Trade Me is a fun read you can feel good about. Last year I spent months rereading and contemplating Courtney Milan’s brilliant and overtly feminist The Brothers Sinister series. The series was set in Victorian England in the early days of the Industrial Revolution when women had few legal rights and the opinion of others could mean the difference between safety and disaster. Trade Me is Milan’s first contemporary romance and is no less bold.
There are no overt misogynists or blatantly gender based obstacles faced by our heroine, Tina Chen. Feminism doesn’t need an obvious opponent, the patriarchy is inherent to the system. What makes Tina a feminist heroine is her insistence on being seen and heard. She asserts her value and demands respect. Her primary obstacle in the world is not her gender, but her poverty. Like Milan’s previous heroines, Tina lives on the edge of disaster. It’s a different kind of disaster, but no less profound.
And the wish fulfillment part? That comes in the form of tech scion and billionaire, Blake, who offers to trade lives with her for a period of time. Blake has his own issues with being seen, heard and respected. His desire to escape his life leads to his offer to swap lives for a while and he offers Tina enough money that she will be able to complete her degree without also supporting herself and her family. Unlikely device to keep these two in contact aside, Tina and Blake are lovely, as are their families and friends. I adored Tina’s mother. Though she is one of Tina’s life challenges, I would aspire to be her, and Tina is very much her mother’s daughter. It is a little harder for me to detach from reality and accept some of the contrivances and high drama of romance in a contemporary setting. But that’s ok. I still read it in one sitting (reluctantly attending to various dog needs). I plan to reread it as soon as I post this review.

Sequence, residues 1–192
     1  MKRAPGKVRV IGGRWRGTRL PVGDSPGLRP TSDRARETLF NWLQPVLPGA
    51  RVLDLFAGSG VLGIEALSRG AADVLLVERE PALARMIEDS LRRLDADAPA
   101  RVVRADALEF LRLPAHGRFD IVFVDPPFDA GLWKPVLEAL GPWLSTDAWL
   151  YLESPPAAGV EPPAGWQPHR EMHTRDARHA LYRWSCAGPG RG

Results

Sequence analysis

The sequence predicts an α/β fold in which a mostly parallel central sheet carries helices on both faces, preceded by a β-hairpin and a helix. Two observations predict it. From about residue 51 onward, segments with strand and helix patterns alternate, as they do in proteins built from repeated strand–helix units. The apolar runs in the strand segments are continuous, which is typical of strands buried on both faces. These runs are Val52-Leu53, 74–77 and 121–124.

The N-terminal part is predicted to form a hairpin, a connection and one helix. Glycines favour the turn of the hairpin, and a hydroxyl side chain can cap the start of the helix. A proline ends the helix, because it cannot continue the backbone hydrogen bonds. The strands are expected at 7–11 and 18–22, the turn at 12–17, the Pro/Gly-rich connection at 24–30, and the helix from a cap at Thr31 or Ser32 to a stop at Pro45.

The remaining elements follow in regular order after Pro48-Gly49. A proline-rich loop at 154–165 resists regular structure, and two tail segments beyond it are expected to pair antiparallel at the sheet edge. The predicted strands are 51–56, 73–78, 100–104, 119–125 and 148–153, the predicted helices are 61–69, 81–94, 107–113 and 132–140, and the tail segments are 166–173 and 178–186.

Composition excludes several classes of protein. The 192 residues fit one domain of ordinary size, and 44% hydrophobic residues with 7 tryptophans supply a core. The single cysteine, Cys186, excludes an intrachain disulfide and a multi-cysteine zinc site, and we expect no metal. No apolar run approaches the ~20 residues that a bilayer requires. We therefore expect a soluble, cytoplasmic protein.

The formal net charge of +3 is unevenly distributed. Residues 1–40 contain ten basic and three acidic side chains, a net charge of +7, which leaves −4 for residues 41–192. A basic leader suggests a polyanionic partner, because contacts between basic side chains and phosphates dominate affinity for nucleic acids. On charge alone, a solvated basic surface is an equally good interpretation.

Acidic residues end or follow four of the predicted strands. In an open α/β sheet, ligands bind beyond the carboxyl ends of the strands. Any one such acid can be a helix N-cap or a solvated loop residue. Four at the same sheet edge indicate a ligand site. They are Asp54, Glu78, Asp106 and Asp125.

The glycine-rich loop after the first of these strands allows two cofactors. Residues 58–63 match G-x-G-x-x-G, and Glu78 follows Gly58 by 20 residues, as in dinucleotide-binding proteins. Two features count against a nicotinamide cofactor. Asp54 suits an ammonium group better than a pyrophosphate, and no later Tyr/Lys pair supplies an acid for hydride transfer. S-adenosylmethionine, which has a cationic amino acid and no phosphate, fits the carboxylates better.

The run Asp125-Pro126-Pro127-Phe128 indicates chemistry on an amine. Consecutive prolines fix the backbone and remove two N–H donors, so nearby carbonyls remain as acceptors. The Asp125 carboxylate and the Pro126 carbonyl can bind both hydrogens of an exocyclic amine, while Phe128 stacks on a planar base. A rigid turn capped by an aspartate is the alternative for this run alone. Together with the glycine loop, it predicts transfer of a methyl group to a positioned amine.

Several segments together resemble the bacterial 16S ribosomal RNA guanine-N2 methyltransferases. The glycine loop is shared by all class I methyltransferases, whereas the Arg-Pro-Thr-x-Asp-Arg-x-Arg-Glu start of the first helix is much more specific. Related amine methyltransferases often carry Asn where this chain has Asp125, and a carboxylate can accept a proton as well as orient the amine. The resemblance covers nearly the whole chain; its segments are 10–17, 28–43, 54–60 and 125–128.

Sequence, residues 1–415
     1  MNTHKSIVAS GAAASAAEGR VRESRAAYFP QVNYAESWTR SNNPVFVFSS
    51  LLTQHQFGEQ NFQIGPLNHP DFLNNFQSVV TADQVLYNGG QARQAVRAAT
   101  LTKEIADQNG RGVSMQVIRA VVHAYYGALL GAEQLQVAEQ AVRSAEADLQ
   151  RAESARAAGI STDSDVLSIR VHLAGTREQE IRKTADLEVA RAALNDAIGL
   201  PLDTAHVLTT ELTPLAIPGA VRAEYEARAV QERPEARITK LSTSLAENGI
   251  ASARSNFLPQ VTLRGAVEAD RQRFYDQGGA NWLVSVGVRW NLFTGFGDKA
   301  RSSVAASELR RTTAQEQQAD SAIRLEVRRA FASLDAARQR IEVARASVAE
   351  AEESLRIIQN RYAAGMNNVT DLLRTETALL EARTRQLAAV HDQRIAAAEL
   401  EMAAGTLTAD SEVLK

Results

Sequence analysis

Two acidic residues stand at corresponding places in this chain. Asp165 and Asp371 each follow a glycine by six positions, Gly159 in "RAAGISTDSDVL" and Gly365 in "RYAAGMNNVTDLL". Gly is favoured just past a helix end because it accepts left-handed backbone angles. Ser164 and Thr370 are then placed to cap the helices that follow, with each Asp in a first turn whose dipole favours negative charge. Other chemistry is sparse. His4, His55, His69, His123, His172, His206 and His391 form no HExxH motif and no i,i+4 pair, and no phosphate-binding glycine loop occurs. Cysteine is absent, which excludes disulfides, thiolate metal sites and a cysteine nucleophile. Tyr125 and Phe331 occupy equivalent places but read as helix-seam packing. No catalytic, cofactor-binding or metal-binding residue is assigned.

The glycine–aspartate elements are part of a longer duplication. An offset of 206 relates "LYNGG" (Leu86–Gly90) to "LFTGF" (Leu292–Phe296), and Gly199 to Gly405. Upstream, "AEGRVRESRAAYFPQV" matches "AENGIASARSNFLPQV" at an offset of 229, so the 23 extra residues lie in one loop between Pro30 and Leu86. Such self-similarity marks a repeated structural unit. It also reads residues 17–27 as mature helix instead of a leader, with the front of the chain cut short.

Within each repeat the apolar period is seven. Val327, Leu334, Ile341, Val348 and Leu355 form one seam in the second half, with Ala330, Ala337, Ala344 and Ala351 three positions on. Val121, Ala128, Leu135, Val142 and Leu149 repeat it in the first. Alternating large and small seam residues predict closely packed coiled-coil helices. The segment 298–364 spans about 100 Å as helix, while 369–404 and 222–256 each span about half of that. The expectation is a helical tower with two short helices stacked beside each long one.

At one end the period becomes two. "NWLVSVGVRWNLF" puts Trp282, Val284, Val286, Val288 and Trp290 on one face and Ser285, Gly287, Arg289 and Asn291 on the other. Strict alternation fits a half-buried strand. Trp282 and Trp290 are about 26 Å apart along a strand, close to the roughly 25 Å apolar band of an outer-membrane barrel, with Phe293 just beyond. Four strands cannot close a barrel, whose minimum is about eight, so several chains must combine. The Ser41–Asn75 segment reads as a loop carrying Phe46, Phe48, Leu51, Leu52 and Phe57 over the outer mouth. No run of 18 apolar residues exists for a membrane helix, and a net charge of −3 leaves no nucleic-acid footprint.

I’m not going to get into it much, but Milan is laying the groundwork to go where romances generally fear to tread. Milan has a liberal agenda and she wants to bring us to her side by making us fall in love with people we are generally told to ignore, at best. I have subscribed to her newsletter, and so should you. Go buy Trade Me and then join me in waiting impatiently for Hold Me. Still unconvinced? Read Mrs. Julien’s review, and then read Malin’s forthcoming review.